All the contractors are back on site after their annual breaks over the Festive Season and the seawater desalination project is on schedule for commissioning in the second week of February 2011, says the Municipality in a news release.
The plant is being built at a cost of R200 million at Voorbaai in Mossel Bay and will have a capacity to produce 15 million litres of desalinated seawater a day. A portion of this water will be available to PetroSA, which made a contribution of R80 million to the project.
The plant was inspected earlier this week by the Executive Mayor, Alderlady Marie Ferreira, Alderman Emil Scheepers, chairperson of Council’s technical services committee, the Municipal Manager, dr Michele Gratz and Mr Dick Naidoo, Director of Technical Services of the Municipality.
The onshore plant is approximately 95 per cent complete and the laying of the marine pipelines will commence early next week. When the pipeline work has been completed, the coffer dam in the sea will be demolished and the beach and dune areas be rehabilitated and restored to their original state.
Because of the inherent hazards associated with a project such as the pipeline project, the particular stretch of beach where the plant is being built will be closed until mid-March 2011 to the public.
“We regret the inconvenience caused but a terrain such as this is very dangerous for people who do not know the safety risks and procedures. There will be heavy machinery and other equipment on site over the next number of weeks, and it is in people’s own interest to stay well clear from the site until all the work has been completed,” said the Municipal Manager, Dr Michele Gratz.
Dr Gratz said that as there is enough water in the Wolwedans Dam as well as the Klipheuwel, Hartebeeskuil and Ernst Robertson Dams now to last the Municipality until next year and other new water sources such as the boreholes and the waste water reclamation plant will also contribute to the town’s water supply it is likely that, because of its high operating cost, the plant will be operated for a short time only and then be mothballed until the need for additional water arises again.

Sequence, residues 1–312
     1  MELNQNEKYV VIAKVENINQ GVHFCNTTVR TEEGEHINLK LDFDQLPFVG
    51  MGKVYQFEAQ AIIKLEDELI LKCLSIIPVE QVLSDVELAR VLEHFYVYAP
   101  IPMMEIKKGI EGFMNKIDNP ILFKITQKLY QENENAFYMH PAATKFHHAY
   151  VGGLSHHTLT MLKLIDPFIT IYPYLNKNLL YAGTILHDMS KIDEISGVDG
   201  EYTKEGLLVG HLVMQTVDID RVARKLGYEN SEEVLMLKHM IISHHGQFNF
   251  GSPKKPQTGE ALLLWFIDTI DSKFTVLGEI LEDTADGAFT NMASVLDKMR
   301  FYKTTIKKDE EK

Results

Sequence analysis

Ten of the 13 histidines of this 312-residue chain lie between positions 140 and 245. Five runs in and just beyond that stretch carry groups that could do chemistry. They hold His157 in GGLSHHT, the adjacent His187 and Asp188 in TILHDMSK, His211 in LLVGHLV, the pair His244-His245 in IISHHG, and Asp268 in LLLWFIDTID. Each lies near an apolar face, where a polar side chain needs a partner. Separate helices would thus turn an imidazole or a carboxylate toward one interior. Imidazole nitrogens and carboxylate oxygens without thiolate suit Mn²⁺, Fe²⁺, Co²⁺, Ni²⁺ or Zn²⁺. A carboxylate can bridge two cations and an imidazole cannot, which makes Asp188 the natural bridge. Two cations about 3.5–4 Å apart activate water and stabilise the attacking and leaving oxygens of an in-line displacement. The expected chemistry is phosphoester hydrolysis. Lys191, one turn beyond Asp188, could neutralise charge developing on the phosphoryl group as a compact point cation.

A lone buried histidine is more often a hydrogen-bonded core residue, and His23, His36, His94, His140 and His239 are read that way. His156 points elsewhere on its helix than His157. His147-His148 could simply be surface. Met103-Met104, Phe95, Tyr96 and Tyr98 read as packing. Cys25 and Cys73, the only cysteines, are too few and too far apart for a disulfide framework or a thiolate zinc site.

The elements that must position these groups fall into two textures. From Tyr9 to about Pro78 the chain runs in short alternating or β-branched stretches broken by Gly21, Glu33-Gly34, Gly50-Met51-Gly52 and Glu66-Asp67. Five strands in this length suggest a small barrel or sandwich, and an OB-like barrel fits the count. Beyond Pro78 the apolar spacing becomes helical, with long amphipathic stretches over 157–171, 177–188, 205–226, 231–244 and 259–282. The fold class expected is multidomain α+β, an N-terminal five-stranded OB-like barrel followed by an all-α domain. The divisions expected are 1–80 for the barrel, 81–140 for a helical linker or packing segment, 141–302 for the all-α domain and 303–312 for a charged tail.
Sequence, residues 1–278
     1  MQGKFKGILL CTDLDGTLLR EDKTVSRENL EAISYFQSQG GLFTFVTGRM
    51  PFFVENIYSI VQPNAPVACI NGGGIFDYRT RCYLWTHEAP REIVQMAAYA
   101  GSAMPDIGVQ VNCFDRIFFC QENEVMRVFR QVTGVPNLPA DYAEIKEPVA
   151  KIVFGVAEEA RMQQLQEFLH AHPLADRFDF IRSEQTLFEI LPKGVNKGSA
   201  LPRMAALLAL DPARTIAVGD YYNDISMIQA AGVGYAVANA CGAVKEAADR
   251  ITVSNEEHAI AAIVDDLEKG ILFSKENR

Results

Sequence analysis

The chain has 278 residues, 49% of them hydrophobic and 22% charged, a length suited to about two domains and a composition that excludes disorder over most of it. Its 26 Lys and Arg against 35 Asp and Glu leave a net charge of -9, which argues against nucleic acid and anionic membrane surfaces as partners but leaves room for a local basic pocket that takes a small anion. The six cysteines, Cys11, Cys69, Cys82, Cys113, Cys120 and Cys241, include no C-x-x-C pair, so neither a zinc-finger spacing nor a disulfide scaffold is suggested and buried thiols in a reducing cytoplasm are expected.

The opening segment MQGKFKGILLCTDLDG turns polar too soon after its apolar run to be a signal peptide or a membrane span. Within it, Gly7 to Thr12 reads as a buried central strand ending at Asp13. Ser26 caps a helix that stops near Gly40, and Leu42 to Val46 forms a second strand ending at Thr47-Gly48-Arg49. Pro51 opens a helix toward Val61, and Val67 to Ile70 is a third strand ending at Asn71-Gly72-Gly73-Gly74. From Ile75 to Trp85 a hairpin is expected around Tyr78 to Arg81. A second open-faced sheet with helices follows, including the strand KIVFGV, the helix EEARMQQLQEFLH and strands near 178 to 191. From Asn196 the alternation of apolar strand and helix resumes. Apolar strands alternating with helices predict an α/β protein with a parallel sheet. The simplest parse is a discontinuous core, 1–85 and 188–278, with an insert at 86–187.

She said that plants such as these use a lot of electricity and as South Africa’s electricity supply situation is once again under great pressure, the Municipality will in all likelihood be requested to cut down on electricity consumption over the next few months.
The plant will nevertheless remain an invaluable asset from the point of view of securing Mossel Bay’s water supply in the longer term and also help to ensure that economic growth is not stunted because of a shortage of water. Mossel Bay is a drought-prone area and the plant will also make Mossel Bay less dependent on surface water in future, said Dr Gratz.
Photographed with the Executive Mayor, Alderlady Marie Ferreira (second from right), at the desalination plant this week are, from left to right Mr Dick Naidoo, Director of Technical Services of the Municipality, Dr Michele Gratz, Municipal Manager, and Alderman Emil Scheepers.Last published 10 June 2016